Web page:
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Sony PictureBook PCG-C1S

Another eBay impulse-buy, this little guy came to me quickly (although AusPost is struggling during these 'unprecedented times') and in pretty good condition! It's a PCG-C1S, being the the second PictureBook model ever released.


You can see by the single mono front speaker that they didn't focus too much on multimedia. Also no memory card slots or jog dials. Sporting a 266mmx Pentium CPU, there wasn't really much horsepower to play media with anyway! The internal drive had already been upgraded from 8.1g to 20g and the ram was maxed out with 2 64mb modules.

I used my previous knowledge of booting the PCG-CD51A to get Windows 98 installed... but struggled to find a stand-alone driver for the NeoMagic 256 AV video card that'd present the correct mode for the 1024x480 resolution.

So I went digging for an Application Recovery CD and found one for a PCG-C1X on webarchive. Not being an exact match, I was a little wary... and spent way too much time trying to boot and restore the system image. Instead, I then checked the Application CD #1 and found all the required drivers on it! You could download the pack and dig in, but an easier method is just to download this zip with all the drivers in it. I've also renamed the folders in the other directory to make it obvious as to what they are.

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There's an installer in the video driver folder, but just do the usual upgrade driver process through device manager.

CMOS Battery Replacement

The BIOS reported all-too-often that the system clock was wrong, so it was time to replace the battery. Remove ALL screws underneath the unit. Once the screws are out, flip the unit back over and pry the keyboard up. Be very careful not to lever the keys up as they'll easily pop off and end up across the room. Next, take out the three screws that were under the keyboard and pry the whole case apart.

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Removing the existing battery pack is actually quite a challenge! There's a huge piece of double-sided tape and it could easily destroy the mainboard if you just try to lever the battery pack out. Instead, I dissected the pack...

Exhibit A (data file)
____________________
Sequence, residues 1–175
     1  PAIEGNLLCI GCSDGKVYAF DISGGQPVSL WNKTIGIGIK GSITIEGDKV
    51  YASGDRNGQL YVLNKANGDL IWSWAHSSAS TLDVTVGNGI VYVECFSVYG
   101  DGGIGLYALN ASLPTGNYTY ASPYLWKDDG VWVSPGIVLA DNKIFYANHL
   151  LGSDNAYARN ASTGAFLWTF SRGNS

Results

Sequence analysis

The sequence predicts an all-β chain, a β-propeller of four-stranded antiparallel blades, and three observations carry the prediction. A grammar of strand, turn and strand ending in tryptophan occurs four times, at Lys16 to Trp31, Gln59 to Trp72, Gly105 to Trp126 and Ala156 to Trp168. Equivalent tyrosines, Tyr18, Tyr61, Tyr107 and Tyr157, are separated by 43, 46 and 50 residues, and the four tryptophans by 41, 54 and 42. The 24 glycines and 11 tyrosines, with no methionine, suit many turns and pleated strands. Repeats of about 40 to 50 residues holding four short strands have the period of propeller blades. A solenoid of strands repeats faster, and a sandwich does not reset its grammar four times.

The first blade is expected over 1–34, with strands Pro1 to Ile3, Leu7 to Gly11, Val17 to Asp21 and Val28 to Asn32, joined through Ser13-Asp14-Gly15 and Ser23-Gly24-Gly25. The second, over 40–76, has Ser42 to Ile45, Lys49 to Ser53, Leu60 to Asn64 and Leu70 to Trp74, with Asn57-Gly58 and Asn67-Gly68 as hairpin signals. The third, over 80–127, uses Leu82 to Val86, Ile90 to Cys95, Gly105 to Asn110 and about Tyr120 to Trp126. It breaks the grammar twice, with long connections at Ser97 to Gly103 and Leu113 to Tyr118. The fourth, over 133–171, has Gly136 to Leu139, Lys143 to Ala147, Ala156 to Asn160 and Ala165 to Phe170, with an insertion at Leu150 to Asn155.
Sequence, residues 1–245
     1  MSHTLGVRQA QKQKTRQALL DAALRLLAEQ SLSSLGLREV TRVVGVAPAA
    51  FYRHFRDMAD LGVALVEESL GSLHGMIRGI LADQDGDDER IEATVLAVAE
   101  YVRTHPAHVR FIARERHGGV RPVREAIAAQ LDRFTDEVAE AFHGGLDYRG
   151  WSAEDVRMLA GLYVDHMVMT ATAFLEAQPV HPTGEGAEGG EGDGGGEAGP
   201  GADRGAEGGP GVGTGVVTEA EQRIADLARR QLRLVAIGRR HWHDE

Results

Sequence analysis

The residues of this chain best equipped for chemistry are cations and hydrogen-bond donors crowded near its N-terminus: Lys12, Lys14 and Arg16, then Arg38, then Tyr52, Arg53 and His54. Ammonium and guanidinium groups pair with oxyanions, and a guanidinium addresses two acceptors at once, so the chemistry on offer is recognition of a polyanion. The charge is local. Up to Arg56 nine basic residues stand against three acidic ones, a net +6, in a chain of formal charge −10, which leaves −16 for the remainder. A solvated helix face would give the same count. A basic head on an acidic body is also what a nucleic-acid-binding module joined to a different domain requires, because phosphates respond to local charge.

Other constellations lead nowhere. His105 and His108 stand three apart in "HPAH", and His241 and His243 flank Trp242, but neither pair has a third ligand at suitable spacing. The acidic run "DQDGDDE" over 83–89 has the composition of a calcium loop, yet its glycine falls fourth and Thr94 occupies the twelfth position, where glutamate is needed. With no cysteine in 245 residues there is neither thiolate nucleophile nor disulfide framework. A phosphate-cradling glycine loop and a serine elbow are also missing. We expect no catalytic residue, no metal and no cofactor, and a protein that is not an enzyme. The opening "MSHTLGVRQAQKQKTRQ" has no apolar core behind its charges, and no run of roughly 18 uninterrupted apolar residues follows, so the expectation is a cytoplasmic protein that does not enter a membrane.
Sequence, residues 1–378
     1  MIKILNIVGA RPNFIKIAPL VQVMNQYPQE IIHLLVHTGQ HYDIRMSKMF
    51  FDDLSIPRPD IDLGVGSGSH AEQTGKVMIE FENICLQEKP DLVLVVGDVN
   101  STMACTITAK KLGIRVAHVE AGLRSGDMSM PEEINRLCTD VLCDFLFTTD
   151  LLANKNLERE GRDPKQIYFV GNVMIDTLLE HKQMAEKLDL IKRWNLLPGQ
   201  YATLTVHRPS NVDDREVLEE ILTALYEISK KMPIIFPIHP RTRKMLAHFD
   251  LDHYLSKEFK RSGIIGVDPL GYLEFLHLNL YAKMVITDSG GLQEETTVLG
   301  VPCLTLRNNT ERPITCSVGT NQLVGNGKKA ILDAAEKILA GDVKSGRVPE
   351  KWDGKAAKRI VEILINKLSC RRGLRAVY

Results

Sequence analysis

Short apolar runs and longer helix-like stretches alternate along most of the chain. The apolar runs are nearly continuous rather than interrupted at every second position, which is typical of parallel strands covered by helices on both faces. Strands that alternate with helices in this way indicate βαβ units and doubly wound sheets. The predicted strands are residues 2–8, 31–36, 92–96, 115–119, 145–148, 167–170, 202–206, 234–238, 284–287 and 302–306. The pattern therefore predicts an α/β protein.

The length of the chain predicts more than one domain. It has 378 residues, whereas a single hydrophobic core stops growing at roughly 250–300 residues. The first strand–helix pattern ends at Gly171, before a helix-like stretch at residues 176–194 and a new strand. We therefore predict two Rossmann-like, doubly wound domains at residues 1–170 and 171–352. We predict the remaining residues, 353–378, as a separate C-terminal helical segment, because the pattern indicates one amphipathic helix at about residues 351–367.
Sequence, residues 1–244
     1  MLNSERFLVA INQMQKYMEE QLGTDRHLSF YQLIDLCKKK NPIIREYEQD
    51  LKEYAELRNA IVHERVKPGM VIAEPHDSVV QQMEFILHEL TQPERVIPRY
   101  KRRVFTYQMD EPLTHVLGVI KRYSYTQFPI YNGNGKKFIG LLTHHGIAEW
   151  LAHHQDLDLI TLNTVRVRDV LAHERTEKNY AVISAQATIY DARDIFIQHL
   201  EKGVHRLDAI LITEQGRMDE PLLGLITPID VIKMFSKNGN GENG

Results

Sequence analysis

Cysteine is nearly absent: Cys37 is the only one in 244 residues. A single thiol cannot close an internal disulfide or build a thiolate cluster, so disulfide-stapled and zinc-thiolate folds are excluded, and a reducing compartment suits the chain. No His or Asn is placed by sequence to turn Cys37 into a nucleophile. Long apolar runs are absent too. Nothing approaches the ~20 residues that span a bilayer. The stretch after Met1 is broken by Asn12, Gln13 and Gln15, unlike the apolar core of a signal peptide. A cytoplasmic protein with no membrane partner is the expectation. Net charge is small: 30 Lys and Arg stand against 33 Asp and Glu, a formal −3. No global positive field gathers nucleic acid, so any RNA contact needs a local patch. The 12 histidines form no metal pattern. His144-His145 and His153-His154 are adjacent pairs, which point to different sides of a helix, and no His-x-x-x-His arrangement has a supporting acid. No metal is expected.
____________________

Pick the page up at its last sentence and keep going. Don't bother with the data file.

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Oh shit...

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The bloody cells had corroded.. I mean, why am I surprised? Let's hope it hasn't travelled too far. The plug on the mainboard end is so small that it's hard to determine if there's any of the usual green-tinge. Either way, I went hunting and a replacement battery-pack was found on eBay. It was actually for a Dell, but the cell specifications matched. Unfortunately, the plug was too large. Instead of finding another more-correct version, I chose to splice the plug over from the dead battery pack.

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This has worked well, regardless of the fact that the new battery pack already had a tarnished ground wire which required extra heat to get soldered.

DOS Gaming

Loading up the DarkSeed ISO saw a garbled colour screen on execution. The whole system was then frozen. Using this version worked fine though!

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DOOM worked fine also, although configuring sound was a little touch-and-go. If you tried to choose Adlib for music, then no SFX would play... and Soundblaster FM produced no music. Switching back to General MIDI and SB for SFX got beautiful music, but then the SFX stopped? A reboot with the same config saw it all working again. Seems the SB Emulation can get in a muddle and nothing like a good 'ol CTRL-ALT-DEL for Windows 98 SE to the rescue.

Linux on the PictureBook

I'd previously done this with a PCG-C1VX, and that all worked fine once the modeline was added, but this version of the PictureBook required a bit of extra work. The modes were already listed in the X11 config, but on boot, X11 would error saying that the modes won't display correctly on the LCD panel!

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There's a console app called dccxinfos that lists the available modes reported by the display hardware and our mode wasn't listed! (Yes yes, the above screenshot was taken after correcting the configuration!) So, the trick, after a lot of googling, was to add the overrideValidateMode command in the config. Here's the juicy bit:

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Finally, the LILO boot screen menu is stuck at 800x600 and runs off the page, but editing /etc/lilo.conf and setting the vga option on the linux kernel load line worked for further booting.


just run lilo after editing the file above and reboot.

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